Ropy antennae with clubs on the end are characteristic of most butterflies, like this Red Admiral feasting on a coneflower.

male silkworm moth - Ash Bowie-Wikimedia Commons

The elaborate, feathery antennae of the male silkworm moth can detect the bombycol molecules released by a female moth from a mile away.  Photo by Ash Bowie from Wikimedia Commons.

As expected, the compound eye of moths differs from that of the butterfly — each being highly adapted to the light intensity of the environment in which the animal is most active.

red admiral eye and antennae

Butterflies generally have compound eyes adapted for color vision in bright light, with multiple darkened areas that probably represent clusters of ommatidia used as specific focal points.

leadplant flower moth, Schinia lucens (2)

The compound eyes of moths are specialized for visual acuity in dim light. They appear more uniform in color, lacking the dark spots seen in the butterfly eye.  Note the slender, filmentous antennae of this moth — very unlike a butterfly’s.

A final important difference between butterflies and moths is the pupal case, which may be a smooth chrysalis in butterflies but is a webby, textured cocoon in moths.

But then just to confuse things a little, we have the hairy-bodied skipper butterflies, with their densely haired bodies and their habit of sitting with wings spread rather than vertical.  But ropy antennae with clubs on the end means that these guys should be grouped with the butterflies.


You can read more about this group of butterflies here.

the Monarch returns

I saw my first Monarch Butterfly in the garden about a week ago.  It sailed around the milkweed plants a few times and took off — perhaps it was a male looking for a mate.   However, yesterday a female Monarch butterfly flittered over the several swamp milkweed leaves laying eggs on a few as she went and then proceeded to try to suck up some nectar from not quite open swamp milkweed flowers.

Typically, Monarch females attach a single egg to the underside of a milkweed leaf, and then move on to another part of the plant or another plant entirely.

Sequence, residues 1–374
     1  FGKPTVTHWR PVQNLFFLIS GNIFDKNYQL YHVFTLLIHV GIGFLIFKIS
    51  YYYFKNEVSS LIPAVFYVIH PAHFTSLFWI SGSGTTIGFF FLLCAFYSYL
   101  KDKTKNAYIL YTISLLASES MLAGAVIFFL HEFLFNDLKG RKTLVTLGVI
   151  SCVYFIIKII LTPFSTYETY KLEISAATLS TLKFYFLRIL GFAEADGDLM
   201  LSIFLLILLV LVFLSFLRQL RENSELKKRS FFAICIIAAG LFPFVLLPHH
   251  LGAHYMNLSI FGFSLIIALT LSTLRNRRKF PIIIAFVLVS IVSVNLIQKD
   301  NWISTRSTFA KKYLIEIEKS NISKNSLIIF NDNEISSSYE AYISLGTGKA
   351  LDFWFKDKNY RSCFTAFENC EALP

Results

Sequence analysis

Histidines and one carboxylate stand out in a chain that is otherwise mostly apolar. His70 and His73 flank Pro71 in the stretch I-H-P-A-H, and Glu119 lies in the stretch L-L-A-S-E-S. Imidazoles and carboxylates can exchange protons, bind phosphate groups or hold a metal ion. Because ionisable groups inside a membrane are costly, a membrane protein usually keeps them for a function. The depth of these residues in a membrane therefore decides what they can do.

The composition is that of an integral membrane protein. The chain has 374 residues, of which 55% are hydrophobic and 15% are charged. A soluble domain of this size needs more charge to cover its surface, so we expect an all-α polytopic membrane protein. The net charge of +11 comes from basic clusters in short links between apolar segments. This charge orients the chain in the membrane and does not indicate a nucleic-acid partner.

Typically, Monarch females attach a single egg to the underside of a milkweed leaf, curving their abdomen upwards to contact the leaf surface.  They then move on to another part of the plant or another plant entirely to lay more eggs.

Wings looking a little beat up, with bare patches of missing scales on the top surface -- it must have been a rough trip north.

Her wings are looking a little beat up, with bare patches of missing scales on the top surface — it must have been a rough trip north.  She probed many of the flowers, but I’m not sure there is nectar there yet since they are not fully open.

The late summer generation of eastern North American population of Monarchs are known for their round trip migration from U.S.and Canada to the Mexican highlands and back, a trip covering thousands of miles over sometimes arid land.

While the typical lifespan of a newly metamorphosed Monarch butterfly is about two months, butterflies that overwinter in Mexico live at least 6 months, in a state of reproductive and metabolic diapause.  They eventually awaken from their winter lethargy, leave their wintering grounds in March, and move north in search of flowering milkweed and begin to lay eggs.  Recolonization of the most northern areas of the Monarch’s range occurs over the course of two generations of butterflies, each generation moving north hundreds of miles after completing their metamorphosis.  The map below shows the time course of the migration this year.

Journey North - Monarch Butterfly migration spring 2014

Click on this image to bring up the original website, and then click on”animated map” at the bottom of the screen to see the steady northward progression of sighted adults and larvae for this year.  Map constructed by Journey North.

I was surprised to see that Monarchs were sighted in the Twin Cities area on May 9, having leapfrogged the state of Iowa, perhaps in one of the warm fronts that brought the warblers north this spring.  Those butterflies would not have found much milkweed or any flower nectar on which to feed.  I saw this happen a couple of years ago when we had a late spring and the monarchs arrived when the milkweeds were still only 10 inches tall.  This was the result of that bad timing.